Children's use of prosody and word order to indicate information status in English noun phrase conjuncts


  • Laura de Ruiter Tufts University/University of Manchester
  • Bhuvana Narasimhan University of Colorado Boulder
  • Jidong Chen California State University, Fresno
  • Jonah Lack University of Colorado Boulder



information structure, prosody, word order, English, language acquisition


Our study investigates the influence of information status on word order and prosody in children and adults. Using an elicited production task, we examine the ordering and intonation of noun phrases in phrasal conjuncts in 3-5-year-old and adult speakers of English. Findings show that English-speaking children are less likely to employ the "old-before-new" order than adults and are also not adult-like in using prosody to mark information status. Our study suggests that even though intonation and word order are linguistic devices that are acquired early, their use to mark information status is still developing at age four.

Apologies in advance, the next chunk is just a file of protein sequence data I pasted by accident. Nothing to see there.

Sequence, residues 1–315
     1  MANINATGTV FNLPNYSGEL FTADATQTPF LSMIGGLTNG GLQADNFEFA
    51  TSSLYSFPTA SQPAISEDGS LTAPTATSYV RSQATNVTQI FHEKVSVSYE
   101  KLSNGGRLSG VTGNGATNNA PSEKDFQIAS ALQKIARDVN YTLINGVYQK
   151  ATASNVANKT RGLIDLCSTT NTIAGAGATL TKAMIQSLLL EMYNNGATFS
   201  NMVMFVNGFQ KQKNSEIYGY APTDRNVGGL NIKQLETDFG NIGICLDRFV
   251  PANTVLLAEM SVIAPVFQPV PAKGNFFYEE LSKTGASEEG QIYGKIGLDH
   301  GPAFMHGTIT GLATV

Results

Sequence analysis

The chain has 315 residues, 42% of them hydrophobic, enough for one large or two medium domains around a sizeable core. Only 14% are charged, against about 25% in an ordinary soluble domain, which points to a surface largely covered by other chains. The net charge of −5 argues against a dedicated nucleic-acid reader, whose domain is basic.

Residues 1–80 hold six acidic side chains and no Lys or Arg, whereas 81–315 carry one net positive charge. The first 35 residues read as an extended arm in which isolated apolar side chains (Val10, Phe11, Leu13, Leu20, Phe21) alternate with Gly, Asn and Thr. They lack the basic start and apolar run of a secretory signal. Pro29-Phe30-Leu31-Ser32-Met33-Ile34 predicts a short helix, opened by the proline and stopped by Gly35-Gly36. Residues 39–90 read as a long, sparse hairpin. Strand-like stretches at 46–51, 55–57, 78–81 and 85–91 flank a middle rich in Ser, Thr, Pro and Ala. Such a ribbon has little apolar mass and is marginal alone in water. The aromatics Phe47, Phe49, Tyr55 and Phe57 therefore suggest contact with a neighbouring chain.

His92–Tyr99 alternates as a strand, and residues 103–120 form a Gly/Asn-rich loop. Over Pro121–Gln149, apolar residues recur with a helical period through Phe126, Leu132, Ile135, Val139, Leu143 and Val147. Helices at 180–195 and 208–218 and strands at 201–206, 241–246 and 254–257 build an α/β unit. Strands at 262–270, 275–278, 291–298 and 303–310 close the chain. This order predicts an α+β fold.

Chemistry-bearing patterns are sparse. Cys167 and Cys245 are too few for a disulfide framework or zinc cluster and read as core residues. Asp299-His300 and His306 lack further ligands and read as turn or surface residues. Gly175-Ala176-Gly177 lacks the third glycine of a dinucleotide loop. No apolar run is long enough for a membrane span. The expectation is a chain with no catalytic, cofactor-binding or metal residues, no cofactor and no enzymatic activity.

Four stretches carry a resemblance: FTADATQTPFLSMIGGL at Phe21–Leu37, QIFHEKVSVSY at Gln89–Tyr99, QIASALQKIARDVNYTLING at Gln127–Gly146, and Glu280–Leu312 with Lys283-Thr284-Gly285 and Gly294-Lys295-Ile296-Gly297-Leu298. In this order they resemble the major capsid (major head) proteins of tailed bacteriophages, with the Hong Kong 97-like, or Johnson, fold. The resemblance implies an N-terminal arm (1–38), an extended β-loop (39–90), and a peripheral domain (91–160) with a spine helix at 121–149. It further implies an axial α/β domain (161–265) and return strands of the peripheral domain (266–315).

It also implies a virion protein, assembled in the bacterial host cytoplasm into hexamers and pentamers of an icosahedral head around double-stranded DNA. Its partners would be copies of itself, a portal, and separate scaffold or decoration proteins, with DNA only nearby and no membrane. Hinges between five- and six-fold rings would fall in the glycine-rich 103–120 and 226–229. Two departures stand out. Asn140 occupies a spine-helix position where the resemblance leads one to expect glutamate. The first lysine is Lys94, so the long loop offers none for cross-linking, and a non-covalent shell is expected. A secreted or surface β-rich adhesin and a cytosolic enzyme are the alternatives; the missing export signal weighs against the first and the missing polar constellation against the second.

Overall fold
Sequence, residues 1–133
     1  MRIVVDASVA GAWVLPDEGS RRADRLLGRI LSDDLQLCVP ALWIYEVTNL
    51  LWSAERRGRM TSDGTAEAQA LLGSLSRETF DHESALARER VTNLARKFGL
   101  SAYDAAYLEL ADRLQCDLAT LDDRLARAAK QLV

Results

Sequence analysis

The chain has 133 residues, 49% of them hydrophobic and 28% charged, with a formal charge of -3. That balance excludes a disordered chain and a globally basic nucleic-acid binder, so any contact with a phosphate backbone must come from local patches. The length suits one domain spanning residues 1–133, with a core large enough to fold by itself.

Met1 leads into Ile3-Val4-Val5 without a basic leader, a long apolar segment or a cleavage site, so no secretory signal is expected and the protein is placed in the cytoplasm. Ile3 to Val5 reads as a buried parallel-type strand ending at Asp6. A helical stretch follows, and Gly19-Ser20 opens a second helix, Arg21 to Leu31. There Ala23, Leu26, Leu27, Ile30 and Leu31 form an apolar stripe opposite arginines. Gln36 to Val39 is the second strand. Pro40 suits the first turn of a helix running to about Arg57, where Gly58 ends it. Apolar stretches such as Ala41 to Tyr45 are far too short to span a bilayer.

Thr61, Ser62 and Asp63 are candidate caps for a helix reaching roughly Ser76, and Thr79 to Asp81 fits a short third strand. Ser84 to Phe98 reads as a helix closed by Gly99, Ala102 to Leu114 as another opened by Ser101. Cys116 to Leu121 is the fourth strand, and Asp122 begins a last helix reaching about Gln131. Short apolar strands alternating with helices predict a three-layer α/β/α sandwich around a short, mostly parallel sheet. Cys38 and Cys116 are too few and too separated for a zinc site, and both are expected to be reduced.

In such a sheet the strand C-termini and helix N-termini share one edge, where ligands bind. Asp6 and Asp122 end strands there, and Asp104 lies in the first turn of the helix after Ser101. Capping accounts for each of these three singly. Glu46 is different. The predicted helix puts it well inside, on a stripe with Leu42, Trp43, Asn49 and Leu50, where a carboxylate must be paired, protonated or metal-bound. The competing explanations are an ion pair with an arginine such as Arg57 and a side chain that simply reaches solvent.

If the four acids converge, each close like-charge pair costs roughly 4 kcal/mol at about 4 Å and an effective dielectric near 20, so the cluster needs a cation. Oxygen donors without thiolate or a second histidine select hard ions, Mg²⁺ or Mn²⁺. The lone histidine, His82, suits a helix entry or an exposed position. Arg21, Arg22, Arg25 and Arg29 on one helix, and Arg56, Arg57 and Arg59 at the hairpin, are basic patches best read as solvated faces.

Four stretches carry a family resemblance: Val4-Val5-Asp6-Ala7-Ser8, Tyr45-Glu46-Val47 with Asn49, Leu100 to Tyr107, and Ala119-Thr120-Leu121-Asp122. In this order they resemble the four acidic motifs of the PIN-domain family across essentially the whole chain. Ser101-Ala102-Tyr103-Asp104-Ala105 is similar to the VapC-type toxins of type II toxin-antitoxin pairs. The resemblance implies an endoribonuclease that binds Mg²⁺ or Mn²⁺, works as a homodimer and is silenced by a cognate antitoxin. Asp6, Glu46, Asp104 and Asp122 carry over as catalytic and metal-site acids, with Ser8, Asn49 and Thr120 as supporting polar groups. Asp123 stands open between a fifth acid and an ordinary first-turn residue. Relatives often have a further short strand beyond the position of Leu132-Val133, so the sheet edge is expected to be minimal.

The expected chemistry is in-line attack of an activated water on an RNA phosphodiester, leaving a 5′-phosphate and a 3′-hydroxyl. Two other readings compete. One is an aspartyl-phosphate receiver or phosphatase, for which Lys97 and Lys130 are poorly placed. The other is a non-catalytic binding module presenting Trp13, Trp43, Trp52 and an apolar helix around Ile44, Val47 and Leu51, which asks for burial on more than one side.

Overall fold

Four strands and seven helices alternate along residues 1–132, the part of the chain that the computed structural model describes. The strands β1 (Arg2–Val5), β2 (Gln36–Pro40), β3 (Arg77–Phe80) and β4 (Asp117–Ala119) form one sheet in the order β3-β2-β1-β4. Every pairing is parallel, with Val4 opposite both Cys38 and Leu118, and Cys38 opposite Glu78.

How to Cite

de Ruiter, Laura, Bhuvana Narasimhan, Jidong Chen, and Jonah Lack. 2018. “Children’s Use of Prosody and Word Order to Indicate Information Status in English Noun Phrase Conjuncts”. Proceedings of the Linguistic Society of America 3 (1): 40:1–9.